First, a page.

An eLearning course maximizes effectiveness when it gives the learner an opportunity to explore and understand the content and allows them to reassess their knowledge. This can be achieved by introducing interactivity in questions, simulations and screen graphics. Interactivity is what makes an Instructional Design page different from an ordinary Internet page. But the interactivity needs to be inserted at suitable, well thought of locations. Designers must consider what interactions will best engage the learner. Good interactivity is like a dialogue session between the learner and the content, wherein the learner receives a response based on the choices made. This makes the learner an active participant in the course. There are passive modes of interaction – which are used to introduce concepts – while active interactivity is used for reinforcement. The designer should choose the type of interactivity based on the subject and audience type, keeping in mind the cultural relevance of the activity.
Assessing the learner on the subject is essential to also testing the effectiveness of the program and measuring the comprehension of the learner. Learning assessments can be done before or after the course and depends on the type of audience. The assessment also needs to connect with the objectives of the course and should offer variety to the learner – such as multiple choice, true/false, match the columns, or drag and drop in the correct order of sequence. Most authoring software and Learning Management Systems (LMS) have the capability to create these assessments and allow for localization of the content.
Performing quality checks before an eLearning course is released helps to remove problems that may hinder the course and also may carry over to the localization process. Evaluations may include peer reviews, pilot tests and usability tests. During the localization process, a Native speaker of the language should always review the content in a live LMS setting to evaluate not only the language, but also the overall functionality of the course as it is presented in that user’s language.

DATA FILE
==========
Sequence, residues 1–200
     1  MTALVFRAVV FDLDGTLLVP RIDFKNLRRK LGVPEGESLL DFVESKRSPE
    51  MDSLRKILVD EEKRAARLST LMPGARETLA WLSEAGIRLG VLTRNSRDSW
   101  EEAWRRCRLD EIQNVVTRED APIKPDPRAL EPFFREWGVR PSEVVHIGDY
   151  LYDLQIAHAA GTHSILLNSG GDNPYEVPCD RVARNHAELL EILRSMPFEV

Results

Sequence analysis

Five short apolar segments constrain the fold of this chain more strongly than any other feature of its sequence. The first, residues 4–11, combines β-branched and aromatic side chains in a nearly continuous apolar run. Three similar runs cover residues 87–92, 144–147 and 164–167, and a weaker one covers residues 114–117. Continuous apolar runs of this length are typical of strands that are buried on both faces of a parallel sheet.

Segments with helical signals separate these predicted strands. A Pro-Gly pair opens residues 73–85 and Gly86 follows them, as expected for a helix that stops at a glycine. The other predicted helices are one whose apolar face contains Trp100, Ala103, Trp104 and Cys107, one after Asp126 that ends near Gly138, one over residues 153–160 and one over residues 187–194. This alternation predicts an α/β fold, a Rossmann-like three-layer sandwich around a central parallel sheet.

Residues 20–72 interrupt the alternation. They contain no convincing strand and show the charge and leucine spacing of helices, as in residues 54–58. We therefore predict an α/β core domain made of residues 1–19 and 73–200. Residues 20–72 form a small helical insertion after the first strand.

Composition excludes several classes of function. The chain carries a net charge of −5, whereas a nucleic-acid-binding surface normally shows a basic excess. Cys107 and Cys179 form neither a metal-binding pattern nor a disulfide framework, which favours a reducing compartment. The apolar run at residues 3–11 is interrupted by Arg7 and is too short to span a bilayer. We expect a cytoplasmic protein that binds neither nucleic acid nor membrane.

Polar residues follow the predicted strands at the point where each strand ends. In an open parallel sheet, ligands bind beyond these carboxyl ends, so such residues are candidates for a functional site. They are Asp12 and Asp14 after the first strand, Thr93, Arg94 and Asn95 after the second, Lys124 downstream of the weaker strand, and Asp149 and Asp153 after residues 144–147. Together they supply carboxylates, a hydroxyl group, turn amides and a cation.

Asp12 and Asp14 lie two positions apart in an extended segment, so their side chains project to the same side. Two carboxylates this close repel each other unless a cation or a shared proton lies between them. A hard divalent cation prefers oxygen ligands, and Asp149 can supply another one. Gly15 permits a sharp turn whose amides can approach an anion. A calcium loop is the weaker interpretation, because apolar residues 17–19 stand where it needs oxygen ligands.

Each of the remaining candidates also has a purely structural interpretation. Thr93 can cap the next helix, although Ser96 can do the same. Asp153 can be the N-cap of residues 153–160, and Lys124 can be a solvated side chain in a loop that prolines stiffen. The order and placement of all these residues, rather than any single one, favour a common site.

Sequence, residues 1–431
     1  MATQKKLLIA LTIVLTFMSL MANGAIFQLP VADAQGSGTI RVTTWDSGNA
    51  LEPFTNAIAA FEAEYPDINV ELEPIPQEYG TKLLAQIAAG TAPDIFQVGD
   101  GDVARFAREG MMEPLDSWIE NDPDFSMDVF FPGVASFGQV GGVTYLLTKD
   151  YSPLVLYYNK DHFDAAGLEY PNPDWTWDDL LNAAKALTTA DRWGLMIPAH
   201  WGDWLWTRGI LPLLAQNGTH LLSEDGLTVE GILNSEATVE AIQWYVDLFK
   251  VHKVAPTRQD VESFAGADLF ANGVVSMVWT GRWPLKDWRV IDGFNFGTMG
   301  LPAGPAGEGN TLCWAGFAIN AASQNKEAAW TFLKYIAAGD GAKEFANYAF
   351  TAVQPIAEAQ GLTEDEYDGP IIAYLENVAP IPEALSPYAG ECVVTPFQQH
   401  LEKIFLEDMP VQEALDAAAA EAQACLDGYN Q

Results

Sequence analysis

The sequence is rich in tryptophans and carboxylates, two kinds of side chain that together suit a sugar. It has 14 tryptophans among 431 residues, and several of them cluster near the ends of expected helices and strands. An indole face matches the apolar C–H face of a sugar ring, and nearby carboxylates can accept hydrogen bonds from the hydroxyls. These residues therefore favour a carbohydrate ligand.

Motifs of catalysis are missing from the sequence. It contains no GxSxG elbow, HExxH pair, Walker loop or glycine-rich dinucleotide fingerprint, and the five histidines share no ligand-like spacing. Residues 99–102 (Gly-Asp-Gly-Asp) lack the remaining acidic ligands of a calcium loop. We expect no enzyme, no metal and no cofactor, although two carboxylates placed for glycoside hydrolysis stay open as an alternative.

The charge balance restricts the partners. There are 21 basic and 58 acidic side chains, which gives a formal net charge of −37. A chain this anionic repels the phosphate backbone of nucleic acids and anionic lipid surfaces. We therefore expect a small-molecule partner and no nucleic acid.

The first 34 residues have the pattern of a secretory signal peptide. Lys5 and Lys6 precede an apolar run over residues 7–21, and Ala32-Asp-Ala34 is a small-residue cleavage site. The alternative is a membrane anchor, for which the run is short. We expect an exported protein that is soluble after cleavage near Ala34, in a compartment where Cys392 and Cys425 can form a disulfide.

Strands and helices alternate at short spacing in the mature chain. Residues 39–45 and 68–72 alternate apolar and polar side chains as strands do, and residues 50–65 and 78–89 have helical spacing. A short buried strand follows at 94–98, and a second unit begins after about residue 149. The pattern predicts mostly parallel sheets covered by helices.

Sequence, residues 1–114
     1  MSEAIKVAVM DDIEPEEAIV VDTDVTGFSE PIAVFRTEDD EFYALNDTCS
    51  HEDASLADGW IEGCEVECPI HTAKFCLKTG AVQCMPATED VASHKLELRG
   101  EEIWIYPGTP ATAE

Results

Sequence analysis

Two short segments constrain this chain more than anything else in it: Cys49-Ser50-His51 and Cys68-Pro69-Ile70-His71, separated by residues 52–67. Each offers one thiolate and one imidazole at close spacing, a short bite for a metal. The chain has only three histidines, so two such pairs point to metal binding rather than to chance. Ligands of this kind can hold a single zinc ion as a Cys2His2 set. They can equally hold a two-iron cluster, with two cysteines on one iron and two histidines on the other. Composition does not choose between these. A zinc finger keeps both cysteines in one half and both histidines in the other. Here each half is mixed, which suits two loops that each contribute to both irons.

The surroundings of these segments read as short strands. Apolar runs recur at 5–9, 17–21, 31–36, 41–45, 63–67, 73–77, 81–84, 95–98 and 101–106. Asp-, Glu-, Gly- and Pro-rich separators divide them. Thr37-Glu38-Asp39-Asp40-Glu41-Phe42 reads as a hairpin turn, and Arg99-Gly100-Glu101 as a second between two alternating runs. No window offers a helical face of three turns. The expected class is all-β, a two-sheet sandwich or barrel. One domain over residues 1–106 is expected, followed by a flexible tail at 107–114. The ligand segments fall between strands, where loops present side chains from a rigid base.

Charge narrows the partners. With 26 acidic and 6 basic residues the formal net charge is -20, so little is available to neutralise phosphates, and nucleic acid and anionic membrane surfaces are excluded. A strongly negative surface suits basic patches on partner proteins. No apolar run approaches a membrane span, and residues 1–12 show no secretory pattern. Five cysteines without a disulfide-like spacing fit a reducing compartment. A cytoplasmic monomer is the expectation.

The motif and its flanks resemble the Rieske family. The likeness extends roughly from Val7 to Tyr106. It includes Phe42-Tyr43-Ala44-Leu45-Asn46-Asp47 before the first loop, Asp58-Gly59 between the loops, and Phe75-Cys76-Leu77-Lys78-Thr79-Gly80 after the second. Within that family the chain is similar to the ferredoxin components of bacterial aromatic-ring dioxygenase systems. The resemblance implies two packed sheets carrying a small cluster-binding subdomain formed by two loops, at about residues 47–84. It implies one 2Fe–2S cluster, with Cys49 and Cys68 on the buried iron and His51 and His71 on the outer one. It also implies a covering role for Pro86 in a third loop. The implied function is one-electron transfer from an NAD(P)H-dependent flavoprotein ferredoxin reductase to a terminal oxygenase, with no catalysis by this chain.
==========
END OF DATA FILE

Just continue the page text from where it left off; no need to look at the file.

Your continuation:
How CQ fluency Culturally Localizes eLearning Content
Many eLearning initiatives have fallen short because developers did not take into account the cultural differences of the audience they were attempting to train. For your eLearning platform to be effective and efficient anywhere in the world, it is imperative that the content is adapted to each global audience. This is particularly important when there is no local instructor to act as a cultural facilitator to deliver translated material.
As an institution, our process goes beyond translation to take into account such details as available technology, individual values and learning styles and visual presentation.
Our linguists are stringently vetted so that we can offer eLearning localization performed by trained professionals in your industry and cultural experts in the markets in which you do business.
Add in our state-of-the-art project management system and innovative technology platforms and you get an eLearning localization solution that keeps you on time and on budget.
The CQ Way
When it comes to eLearning localization, your goals are our goals. We want to ensure that all learners can achieve the same educational outcomes, on the same timetable, with the same effort. That’s getting it right and getting it global.
If you manage translation or localization and wish to increase the effectiveness of your marketing and communications across cultures, CQ fluency’s team of translation experts can help you. Request a quote and we’d gladly discuss your project and how we can help.
About the Author
Dan Milczarski is the Manager of Process and Technology for CQ fluency. He has over 13 years of experience in the language industry and has spent time as both an Instructional Designer and an eLearning Localization Manager.